Solitary Confinement

Solitary Confinement : Social Death and Its Afterlives

4.39 (56 ratings by Goodreads)
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Prolonged solitary confinement has become a widespread and standard practice in U.S. prisons-even though it consistently drives healthy prisoners insane, makes the mentally ill sicker, and, according to the testimony of prisoners, threatens to reduce life to a living death. In this profoundly important and original book, Lisa Guenther examines the death-in-life experience of solitary confinement in America from the early nineteenth century to today's supermax prisons. Documenting how solitary confinement undermines prisoners' sense of identity and their ability to understand the world, Guenther demonstrates the real effects of forcibly isolating a person for weeks, months, or years.

Drawing on the testimony of prisoners and the work of philosophers and social activists from Edmund Husserl and Maurice Merleau-Ponty to Frantz Fanon and Angela Davis, the author defines solitary confinement as a kind of social death. It argues that isolation exposes the relational structure of being by showing what happens when that structure is abused-when prisoners are deprived of the concrete relations with others on which our existence as sense-making creatures depends. Solitary confinement is beyond a form of racial or political violence; it is an assault on being.

A searing and unforgettable indictment, Solitary Confinement reveals what the devastation wrought by the torture of solitary confinement tells us about what it means to be human-and why humanity is so often destroyed when we separate prisoners from all other people.
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Product details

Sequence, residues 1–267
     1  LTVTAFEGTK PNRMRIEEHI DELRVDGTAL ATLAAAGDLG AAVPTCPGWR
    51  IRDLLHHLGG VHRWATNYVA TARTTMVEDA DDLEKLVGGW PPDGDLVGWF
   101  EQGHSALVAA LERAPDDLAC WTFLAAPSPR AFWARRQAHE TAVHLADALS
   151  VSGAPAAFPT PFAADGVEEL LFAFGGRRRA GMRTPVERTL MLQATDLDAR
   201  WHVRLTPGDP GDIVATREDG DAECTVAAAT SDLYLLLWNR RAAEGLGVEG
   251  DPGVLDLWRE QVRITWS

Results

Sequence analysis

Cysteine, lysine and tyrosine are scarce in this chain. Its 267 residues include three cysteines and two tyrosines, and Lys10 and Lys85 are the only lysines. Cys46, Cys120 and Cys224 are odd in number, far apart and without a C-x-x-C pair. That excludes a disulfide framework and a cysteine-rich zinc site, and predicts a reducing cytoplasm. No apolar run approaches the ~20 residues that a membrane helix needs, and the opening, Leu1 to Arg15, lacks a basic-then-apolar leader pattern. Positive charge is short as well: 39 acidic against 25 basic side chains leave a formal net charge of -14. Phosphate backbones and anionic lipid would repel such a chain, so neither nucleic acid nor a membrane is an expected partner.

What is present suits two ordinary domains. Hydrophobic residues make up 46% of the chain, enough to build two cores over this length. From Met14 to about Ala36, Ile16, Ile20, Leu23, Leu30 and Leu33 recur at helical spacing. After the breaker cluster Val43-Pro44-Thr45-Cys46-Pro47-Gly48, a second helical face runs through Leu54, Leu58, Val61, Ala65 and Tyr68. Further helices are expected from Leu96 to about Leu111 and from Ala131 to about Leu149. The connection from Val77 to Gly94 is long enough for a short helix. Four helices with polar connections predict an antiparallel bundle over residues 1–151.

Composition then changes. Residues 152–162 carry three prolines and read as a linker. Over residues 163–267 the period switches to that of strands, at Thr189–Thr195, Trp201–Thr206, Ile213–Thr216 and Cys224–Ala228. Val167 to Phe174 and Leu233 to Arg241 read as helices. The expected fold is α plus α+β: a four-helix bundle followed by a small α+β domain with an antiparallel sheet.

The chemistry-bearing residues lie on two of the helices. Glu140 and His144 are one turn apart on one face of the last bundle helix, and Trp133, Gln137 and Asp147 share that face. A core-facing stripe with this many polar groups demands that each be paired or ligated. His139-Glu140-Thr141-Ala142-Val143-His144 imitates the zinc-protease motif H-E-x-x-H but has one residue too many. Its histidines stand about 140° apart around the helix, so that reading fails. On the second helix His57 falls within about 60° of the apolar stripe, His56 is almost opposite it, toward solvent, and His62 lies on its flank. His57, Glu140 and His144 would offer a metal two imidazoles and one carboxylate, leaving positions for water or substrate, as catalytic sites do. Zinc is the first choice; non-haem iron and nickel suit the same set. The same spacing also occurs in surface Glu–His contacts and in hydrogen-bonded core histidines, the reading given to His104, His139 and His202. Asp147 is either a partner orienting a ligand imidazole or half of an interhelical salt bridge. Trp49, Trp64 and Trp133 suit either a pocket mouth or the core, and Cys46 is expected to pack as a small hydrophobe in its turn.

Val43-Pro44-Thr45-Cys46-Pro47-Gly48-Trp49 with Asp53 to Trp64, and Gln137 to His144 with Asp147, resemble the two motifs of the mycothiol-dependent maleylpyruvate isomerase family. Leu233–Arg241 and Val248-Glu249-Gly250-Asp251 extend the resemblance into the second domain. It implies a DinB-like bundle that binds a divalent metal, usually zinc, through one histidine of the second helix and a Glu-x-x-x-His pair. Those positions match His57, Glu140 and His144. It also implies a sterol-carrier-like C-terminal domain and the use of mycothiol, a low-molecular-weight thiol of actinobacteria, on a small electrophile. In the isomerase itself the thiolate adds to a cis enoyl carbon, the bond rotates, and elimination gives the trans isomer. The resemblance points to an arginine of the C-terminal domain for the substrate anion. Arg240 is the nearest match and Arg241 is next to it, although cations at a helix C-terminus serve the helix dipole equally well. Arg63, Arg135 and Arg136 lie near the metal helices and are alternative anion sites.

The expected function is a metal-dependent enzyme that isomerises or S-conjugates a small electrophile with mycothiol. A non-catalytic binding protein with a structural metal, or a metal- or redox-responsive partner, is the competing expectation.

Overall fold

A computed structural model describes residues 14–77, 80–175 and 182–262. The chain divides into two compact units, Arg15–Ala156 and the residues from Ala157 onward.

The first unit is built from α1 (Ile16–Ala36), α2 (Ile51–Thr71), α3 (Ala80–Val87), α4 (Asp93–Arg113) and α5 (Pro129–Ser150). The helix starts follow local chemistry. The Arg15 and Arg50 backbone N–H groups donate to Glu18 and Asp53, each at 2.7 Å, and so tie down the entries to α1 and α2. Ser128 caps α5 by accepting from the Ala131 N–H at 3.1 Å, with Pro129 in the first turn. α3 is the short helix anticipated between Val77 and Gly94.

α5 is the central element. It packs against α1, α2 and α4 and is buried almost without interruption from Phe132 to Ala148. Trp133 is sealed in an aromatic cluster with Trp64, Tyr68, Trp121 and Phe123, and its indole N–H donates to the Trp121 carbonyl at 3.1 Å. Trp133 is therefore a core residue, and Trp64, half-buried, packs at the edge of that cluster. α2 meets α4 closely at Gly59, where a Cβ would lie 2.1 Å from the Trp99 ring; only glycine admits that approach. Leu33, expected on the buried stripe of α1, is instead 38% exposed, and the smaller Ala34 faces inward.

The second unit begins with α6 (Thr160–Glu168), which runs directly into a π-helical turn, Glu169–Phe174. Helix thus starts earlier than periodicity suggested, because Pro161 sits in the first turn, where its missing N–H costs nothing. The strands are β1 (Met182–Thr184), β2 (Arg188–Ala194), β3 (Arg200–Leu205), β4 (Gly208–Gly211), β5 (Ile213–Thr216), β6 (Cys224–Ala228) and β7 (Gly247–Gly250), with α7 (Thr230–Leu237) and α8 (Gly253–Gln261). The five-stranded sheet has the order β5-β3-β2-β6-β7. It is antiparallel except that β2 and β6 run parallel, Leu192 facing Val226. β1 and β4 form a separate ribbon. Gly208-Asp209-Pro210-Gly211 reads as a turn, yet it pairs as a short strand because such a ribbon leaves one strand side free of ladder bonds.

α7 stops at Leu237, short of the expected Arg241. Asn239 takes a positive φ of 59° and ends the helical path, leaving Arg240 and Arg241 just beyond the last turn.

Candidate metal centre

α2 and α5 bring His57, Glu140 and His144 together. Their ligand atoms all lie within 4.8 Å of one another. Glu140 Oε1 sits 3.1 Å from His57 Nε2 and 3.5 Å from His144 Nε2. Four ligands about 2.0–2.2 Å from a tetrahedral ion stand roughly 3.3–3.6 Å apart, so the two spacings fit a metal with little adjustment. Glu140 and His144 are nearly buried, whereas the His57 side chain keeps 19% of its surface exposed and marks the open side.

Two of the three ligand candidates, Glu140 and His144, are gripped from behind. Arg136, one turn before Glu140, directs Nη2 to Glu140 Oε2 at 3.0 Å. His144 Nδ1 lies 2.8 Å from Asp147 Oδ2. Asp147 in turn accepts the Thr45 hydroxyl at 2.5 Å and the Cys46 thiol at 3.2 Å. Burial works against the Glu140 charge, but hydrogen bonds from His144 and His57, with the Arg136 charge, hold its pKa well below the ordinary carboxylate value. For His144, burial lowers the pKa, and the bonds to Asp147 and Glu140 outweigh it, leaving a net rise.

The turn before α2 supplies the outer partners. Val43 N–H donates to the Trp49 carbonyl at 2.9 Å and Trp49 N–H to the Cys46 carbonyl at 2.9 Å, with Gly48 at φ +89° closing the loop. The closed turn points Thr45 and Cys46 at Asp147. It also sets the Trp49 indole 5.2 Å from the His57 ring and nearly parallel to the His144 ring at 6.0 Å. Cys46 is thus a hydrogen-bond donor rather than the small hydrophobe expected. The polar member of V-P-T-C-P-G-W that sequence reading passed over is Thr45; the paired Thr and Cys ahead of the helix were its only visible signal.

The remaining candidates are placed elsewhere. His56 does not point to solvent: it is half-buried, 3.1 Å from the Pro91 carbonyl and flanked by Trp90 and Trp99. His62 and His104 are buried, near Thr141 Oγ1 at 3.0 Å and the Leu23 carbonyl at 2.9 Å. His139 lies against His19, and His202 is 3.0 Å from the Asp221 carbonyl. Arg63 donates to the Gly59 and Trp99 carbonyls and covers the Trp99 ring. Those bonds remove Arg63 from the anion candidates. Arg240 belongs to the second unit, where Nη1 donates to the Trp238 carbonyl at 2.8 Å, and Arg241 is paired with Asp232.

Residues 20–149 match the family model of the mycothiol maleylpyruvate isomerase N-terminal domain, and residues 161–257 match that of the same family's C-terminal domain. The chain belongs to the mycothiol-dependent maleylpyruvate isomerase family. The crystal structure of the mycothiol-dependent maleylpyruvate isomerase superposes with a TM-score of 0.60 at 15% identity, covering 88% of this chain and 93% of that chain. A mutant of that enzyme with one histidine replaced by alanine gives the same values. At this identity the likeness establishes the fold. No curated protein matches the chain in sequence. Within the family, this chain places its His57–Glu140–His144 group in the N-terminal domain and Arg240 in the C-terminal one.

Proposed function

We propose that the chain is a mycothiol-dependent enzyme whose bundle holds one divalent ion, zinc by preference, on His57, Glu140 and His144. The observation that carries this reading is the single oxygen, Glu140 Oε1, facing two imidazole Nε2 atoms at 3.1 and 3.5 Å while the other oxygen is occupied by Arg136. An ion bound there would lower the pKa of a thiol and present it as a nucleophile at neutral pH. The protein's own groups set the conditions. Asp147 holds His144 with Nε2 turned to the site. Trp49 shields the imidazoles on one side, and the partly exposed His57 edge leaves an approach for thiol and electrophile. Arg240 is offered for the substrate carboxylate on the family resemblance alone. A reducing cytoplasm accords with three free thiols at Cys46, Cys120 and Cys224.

• Paperback | 368 pages
  • 140 x 216 x 51mm | 408.23g
  • Minnesota, United States
  • English
  • 0816679592
  • 9780816679591
  • 555,600

Table of contents



Introduction: A Critical Phenomenology of Solitary Confinement

I. The Early U.S. Penitentiary System1. An Experiment in Living Death2. Person, World, and Other: A Husserlian Critique of Solitary Confinement3. The Racialization of Criminality and the Criminalization of Race: From the Plantation to the Prison Farm

II. The Modern Penitentiary4. From Thought Reform to Behavior Modification5. Living Relationality: Merleau-Ponty's Critical Phenomenological Account of Behavior6. Beyond Dehumanization: A Posthumanist Critique of Intensive Confinement

III. Supermax Prisons7. Supermax Confinement and the Exhaustion of Space8. Dead Time: Heidegger, Levinas, and the Temporality of Supermax Confinement9. From Accountability to Responsibility: A Levinasian Critique of Supermax Rhetoric

Conclusion: Afterlives

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Review quote

In an unusually vigorous interrogation of philosophy and the social sciences, Lisa Guenther addresses one of humanity's greatest inhumanities and its perversely long, extensive history in America. Guenther offers a compelling critique of solitary confinement, in the course of which she pushes phenomenology beyond its classical limits, revealing our inherent inter-subjectivity, our need for both interaction and anonymity, and the moral imperative that America end this cruel and barbaric form of punishment. An urgently needed, powerfully argued study of one of the nation's gravest moral and socio-political failings.-Orlando Patterson, Harvard University
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About Lisa Guenther

Lisa Guenther is associate professor of philosophy at Vanderbilt University and the author of The Gift of the Other: Levinas and the Politics of Reproduction. She facilitates a weekly discussion group at Riverbend Maximum Security Institution in Nashville, Tennessee.
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Rating details

56 ratings
4.39 out of 5 stars
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4 39% (22)
3 11% (6)
2 0% (0)
1 0% (0)
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